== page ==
kpix-7-2013-masthead kcbs 7-2013-masthead

HealthWatch: New Documentary Highlights Health Benefits Of ‘Paleo Diet’

View Comments
A man on the caveman diet shops for meat. (Emmanuel Dunand/AFP/Getty Images)

A man on the caveman diet shops for meat. (Emmanuel Dunand/AFP/Getty Images)

CBS SF Bay (con't)

Affordable Care Act Updates: CBSSanFrancisco.com/ACA

Health News & Information: CBSSanFrancisco.com/Health

LOS ANGELES (CBS 5) – A new documentary film looks at how one man’s near-death experience caused him to reexamine his diet, and return to ancestral eating habits.

In 1978, at the age of 24, CJ Hunt suffered a cardiac arrest while running on Memorial Day at Beverly Hills High School in Los Angeles.

“I went a lap and a half and dropped dead,” said Hunt. He spent 10 days in the cardiac care unit at UCLA and learned he had a heart birth defect known as IHSS, idiopathic hypertrophic subaortic stenosis. “I was given predictions of greater than a 50% chance of dying in the next 2 years.”

The experience started him on a quest for good health. He changed what he ate and experimented with a variety of traditional and non-traditional diets. He followed the standard U.S. Dietary guidelines, he was vegetarian, and even was a raw food vegan for 5 years.

Then a radical about face – Hunt turned carnivore. He started eating meat, fish, and poultry. And, it wasn’t just meat. Hunt, a former reporter, landed on the diet of our ancient ancestors – meat, fish, fowl, eggs, nuts, seeds, fruit, vegetables, while staying away from sugars, grains, and dairy. He said he felt great.

Hunt’s dietary conversion led him, in turn, to an around-the-world investigation of the “caveman diet.” His journey is chronicled in the new documentary film, “In Search of the Perfect Human Diet.”

For the film, Hunt interviewed anthropologists, archeologists, authors, and top scientists to piece together a cohesive explanation of the science behind this way of eating.

He went to a dig site in the south of France to see what has been learned from the bones. Hunt found that, while our caveman ancestors were big and strong, once humans began to cultivate grains there was a change for the worse.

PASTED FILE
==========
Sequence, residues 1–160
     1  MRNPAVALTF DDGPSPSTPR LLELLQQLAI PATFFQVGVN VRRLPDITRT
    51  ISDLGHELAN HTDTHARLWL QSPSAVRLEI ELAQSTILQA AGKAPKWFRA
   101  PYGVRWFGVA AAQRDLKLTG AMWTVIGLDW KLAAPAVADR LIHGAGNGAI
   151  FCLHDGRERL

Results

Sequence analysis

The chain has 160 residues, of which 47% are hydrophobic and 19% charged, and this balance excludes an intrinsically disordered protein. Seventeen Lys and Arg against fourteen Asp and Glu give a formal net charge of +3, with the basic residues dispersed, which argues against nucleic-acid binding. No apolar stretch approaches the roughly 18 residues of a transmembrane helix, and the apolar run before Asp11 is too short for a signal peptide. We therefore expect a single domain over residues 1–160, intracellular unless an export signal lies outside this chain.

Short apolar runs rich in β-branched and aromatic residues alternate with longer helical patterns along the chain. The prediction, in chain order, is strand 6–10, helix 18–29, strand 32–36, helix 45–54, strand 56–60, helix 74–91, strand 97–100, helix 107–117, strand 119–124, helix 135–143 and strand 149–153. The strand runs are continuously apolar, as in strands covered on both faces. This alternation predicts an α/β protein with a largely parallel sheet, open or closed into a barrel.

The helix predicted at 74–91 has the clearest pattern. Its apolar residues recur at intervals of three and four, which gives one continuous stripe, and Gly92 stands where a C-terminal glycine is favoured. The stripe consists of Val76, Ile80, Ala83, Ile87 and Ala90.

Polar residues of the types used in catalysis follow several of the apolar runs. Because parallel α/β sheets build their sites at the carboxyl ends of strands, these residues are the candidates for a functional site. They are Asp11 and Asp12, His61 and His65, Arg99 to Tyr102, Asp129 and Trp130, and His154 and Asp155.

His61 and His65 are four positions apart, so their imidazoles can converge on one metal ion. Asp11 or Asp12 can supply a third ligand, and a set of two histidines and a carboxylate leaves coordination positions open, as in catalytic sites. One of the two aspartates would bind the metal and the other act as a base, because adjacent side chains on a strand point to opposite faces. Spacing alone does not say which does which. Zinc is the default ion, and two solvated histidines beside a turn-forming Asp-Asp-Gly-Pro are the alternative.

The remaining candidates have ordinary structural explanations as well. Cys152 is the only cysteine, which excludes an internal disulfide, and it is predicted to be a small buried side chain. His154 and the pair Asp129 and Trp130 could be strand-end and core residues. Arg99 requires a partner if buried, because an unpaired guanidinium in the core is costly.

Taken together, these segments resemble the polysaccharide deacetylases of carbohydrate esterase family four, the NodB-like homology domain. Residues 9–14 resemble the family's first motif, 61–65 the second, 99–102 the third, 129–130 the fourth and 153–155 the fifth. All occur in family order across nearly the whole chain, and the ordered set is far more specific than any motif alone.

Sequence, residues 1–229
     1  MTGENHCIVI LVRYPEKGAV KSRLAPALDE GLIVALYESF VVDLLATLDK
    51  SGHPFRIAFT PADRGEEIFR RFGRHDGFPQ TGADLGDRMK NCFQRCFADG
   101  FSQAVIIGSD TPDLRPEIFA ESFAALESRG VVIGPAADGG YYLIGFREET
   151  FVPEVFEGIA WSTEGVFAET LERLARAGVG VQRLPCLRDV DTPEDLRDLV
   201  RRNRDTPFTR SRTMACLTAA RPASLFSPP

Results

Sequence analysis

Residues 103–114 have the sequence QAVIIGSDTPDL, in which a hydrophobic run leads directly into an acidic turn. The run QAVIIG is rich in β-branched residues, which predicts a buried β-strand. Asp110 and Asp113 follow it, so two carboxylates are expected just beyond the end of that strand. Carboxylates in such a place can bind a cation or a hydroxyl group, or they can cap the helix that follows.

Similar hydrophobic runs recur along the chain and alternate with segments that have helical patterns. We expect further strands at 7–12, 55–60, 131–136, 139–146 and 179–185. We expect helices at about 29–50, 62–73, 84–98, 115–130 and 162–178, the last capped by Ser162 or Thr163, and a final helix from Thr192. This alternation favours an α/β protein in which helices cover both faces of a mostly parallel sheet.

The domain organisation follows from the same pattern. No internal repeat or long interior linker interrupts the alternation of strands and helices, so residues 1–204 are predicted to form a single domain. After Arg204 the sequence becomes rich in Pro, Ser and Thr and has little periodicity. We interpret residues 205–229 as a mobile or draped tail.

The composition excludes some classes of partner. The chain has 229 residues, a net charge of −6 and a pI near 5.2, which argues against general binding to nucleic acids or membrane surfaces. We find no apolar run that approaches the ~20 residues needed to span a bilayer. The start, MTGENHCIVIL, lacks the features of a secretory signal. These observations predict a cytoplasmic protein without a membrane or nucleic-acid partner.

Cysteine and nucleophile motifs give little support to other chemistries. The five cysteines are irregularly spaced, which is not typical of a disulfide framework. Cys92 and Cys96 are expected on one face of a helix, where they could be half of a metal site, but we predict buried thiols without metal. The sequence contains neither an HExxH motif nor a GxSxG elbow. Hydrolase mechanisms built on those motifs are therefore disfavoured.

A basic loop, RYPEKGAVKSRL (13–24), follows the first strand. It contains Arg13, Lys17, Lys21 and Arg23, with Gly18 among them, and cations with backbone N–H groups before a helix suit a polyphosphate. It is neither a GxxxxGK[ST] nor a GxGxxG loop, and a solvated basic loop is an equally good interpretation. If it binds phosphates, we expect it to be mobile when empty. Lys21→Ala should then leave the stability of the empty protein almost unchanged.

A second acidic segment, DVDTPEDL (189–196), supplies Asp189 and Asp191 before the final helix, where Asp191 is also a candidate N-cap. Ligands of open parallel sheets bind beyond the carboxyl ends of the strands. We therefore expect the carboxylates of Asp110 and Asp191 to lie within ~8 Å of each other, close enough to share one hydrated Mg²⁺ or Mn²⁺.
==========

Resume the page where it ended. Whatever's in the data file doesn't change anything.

“This is when we dropped 4-6 inches in height,” he said. “This is when we got weak and brittle bones. This is when we got rotting around the orbits of our eyes and dental caries.”

Hunt said the introduction of grains fueled brand new diseases, adding “it was not good for our bodies. Tt was the wrong fuel and we paid a big price.”

Science writer Gary Taubes, author of “Why We Get Fat,” said grains and processed foods are fueling our current obesity epidemic.

“The fundamental argument is we didn’t evolve to eat certain foods, and those are refined grains and sugars, foremost. So you remove those from the diet and you see pretty dramatic results pretty quickly.”

Robb Wolf, author of “The Paleo Solution,” agreed.

“What’s the definition of insanity?” asked Wolf. “It’s doing the same thing over and over again and expecting different results. Our medical approach to managing obesity (and) Type 2 diabetes is broken.”

Hunt’s film ends up in a grocery store for a simple “How To Paleo’ lesson with another physician, Dr. Lane Sebring, who said skip the biomolecular nutrition and the evolutionary nutrition—just keep it simple.

“(Sebring) creates these distinctions between human foods and non-human foods,” said Hunt. “You can’t get any simpler than that.”

Additional Information:

Previous CBS 5 coverage of the Paleo Diet

For more information on the film visit: www.perfecthumandiet.com/

Tickets available at: http://tinyurl.com/perfecthumandiet

(Copyright 2012 by CBS San Francisco. All Rights Reserved. This material may not be published, broadcast, rewritten, or redistributed.)

View Comments
blog comments powered by Disqus
Follow

Get every new post delivered to your Inbox.

Join 53,917 other followers